Tony Mangan ‘Walk Around The World’ #13

Maewyn Succat was a boy born to Roman parents, kidnapped as a teenager and sent into slavery in Ireland to tend on sheep in county Antrim. That was a long time ago and few, if any, will recall what happened with the youngster next in life, as his name is not exactly etched in folklore.

Being a fluent Irish speaker was next on the list for the brave Maewyn and then priest hood followed.
Although poor Maewyn became ultra religious and was credited with changing the Irish to beign Christians as well as banishing the country of snakes before later being given the name of St. Patrick, history still states that he was forced into Ireland rather than being there of choice.

Tony Mangan is no saint. Nor is he a sheep herder. Still though, he does cover the amount of ground on foot as a sheep herder would have attempted back in the days prior to automation.

In November 2013 Tony`s feet found him in Myanmar and Burma in the eastern part of the world. Here he was welcomed by Buddist monks and although the area was a latent to the democratic process Tony was fed well, allowed to run unhindered and felt the joys of being warmly cherished as anywhere he had experienced and even the best of places in the world. Although at that time he understood  why his entering into this country may offend some of his international followers (due to it being a country that was only new to democracy) his experience there rebuffed any claims of the people being unfair or anything but open to his arrival.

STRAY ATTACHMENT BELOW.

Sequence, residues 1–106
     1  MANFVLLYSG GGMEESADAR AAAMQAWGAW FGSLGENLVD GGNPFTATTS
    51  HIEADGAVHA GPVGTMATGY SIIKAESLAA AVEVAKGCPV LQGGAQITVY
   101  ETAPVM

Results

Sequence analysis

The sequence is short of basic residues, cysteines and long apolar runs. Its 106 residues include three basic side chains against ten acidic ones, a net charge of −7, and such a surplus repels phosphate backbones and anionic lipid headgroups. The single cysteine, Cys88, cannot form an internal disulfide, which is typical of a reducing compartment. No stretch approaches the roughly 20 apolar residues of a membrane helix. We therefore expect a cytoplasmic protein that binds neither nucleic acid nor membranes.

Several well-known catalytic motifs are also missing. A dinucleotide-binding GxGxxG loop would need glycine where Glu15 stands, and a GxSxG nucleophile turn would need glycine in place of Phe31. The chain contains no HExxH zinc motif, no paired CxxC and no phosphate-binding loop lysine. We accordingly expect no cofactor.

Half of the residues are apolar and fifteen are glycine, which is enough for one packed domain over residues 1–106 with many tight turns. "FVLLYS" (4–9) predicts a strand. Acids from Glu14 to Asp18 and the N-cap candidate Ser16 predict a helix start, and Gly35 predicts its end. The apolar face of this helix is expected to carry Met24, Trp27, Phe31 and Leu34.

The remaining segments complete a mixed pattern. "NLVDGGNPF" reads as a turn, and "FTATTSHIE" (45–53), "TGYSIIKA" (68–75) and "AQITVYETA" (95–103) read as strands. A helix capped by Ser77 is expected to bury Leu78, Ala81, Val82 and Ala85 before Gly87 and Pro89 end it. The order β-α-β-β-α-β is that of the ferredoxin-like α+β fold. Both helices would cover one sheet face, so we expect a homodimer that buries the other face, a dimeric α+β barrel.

As said, Tony is a layman and this disqualifies him from his likeness with St. Patrick or the monks. Unlike St. Patrick, Tony, in this past week or so, choose to enter into his latest city of Mount Isa in the Gulf Country region of Queensland, Australia.
In he strolled and before he knew it he was swarmed by many Irish people which were a very welcome diversion from the long lonely road that he is now so used to after over two years stepping it out around the world.
Although Tony Mangan is no saint, his personality will have surely banished any sneaky behaviour from Mount Isa as his open and expanding travel blogging and vloging brings light to another town who showed him a céad míle fáilte and a truly Christian welcome.

About the Author

Conor Hogan
As a native Galwegian, Conor Hogan teaches and consults across the areas of education, well-being and health while also researching human behaviour for his PhD at NUI Galway. After winning regional and national leadership awards, he blogged and co-authored a book on Mental Health for Millennials. He tells us he will endeavour to enrapture the glint of the Galway Eye 🙂 You can find out more about Conor at